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Most tickets for Bruno Mars’ isle shows purchased via Internet

By Mike Gordon

POSTED: 01:30 a.m. HST, Feb 07, 2014

~~<p>Nearly half the tickets for Bruno Mars' three sold-out Hawaii concerts were purchased by people outside of Hawaii, according to the Blaisdell box office and Ticketmaster.<br />
<br />
By using credit card ZIP codes, Ticketmaster found that 42 percent of the 17,000 tickets snapped up Monday were purchased by people on the mainland and in Canada. The remaining<br />
<br />
58 percent were bought by fans with Hawaii ZIP codes.<br />
<br />
The vast majority of the tickets sold went to people who didn't stand in line. Only 6 percent of the tickets were bought at the box office, Ticketmaster said.<br />
<br />
Phone purchases accounted for 47 percent and online purchases for 46 percent. Retail outlets sold just 1 percent of the tickets.<br />
<br />
Ticket sales started at 9 a.m., and by 11 a.m. the sellout had set a Blaisdell record.<br />
<br />
Fans were able to buy more tickets than expected, though.<br />
<br />
A previously announced limit of eight per household was changed to eight per performance for the April 18 and 19 shows, said John Fuhrmann, events and services administrator for the Blaisdell complex.<br />
<br />
The change, which was dictated by mainland promoter AEG Live, was made just hours before the box office opened and meant that individuals could walk away with 16 tickets, Fuhrmann said. The original limit was reinstated, however, when tickets went on sale for the third performance on April 21, he said.<br />
<br />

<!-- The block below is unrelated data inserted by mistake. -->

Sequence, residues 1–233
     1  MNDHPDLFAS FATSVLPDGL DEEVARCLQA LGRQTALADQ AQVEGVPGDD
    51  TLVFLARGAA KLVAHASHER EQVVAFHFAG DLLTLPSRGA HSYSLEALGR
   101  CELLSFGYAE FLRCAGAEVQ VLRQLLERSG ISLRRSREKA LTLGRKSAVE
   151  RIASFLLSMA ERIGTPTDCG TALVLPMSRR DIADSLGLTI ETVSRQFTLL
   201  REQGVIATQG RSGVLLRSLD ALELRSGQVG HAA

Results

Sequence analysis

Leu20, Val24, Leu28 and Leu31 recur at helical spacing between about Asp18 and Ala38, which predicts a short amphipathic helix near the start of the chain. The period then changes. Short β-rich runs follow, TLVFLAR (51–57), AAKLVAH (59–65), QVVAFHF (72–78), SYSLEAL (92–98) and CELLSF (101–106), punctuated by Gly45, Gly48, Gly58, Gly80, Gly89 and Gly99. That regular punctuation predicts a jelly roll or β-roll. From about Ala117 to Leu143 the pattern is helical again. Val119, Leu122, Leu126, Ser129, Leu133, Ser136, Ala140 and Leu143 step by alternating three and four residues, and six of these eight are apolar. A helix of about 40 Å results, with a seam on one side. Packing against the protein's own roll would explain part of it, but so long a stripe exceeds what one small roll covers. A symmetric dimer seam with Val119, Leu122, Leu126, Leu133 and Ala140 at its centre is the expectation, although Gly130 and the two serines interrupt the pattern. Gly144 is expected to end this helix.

The Blaisdell typically limits tickets to four per person, Fuhrmann said.<br />
<br />
Blaisdell officials had advised the public that standing in line to buy tickets was their worst option. Still, several hundred people waited at the box office with priority tokens that had been handed out randomly. Some waited for their turn while using digital devices to buy online.<br />
<br />
&quot;The Internet sells tickets much faster,&quot; Fuhrmann said. &quot;A person walks up to the box office and says hello, and I have probably sold seven rows in that amount of time.&quot;<br />
<br />
Starting ticket sales on a weekday and especially a Monday was unusual, Fuhrmann said. But Mars and AEG Live wanted to take advantage of the Hawaii-born singer's halftime performance at the Super Bowl, which was held Sunday. Tickets for 40 performances during his spring-summer tour all went on sale Monday.<br />
<br />
Hawaii was the last city to open its box office.<br />
<br />
Tom Moffatt, the local promoter working with AEG Live, said no one received special treatment when tickets went on sale. There were no blocks of seats offered, Moffatt said.<br />
<br />
&quot;As far as I know, everyone who goes either to the box office or goes online or calls has the same chance,&quot; Moffatt said. &quot;Whoever gets there first gets the tickets.&quot;<br />
<br />
Moffatt hadn't experienced a sellout like he saw Monday in his 50-year career, but said he wouldn't mind a return to the protocol of standing in lines.<br />
<br />
&quot;I would like to go back to the old-fashioned system where they line up and that's how the tickets are distributed,&quot; he said. &quot;But nowadays it has to be through a computer ticket sales. It reaches a lot more people.&quot;<br />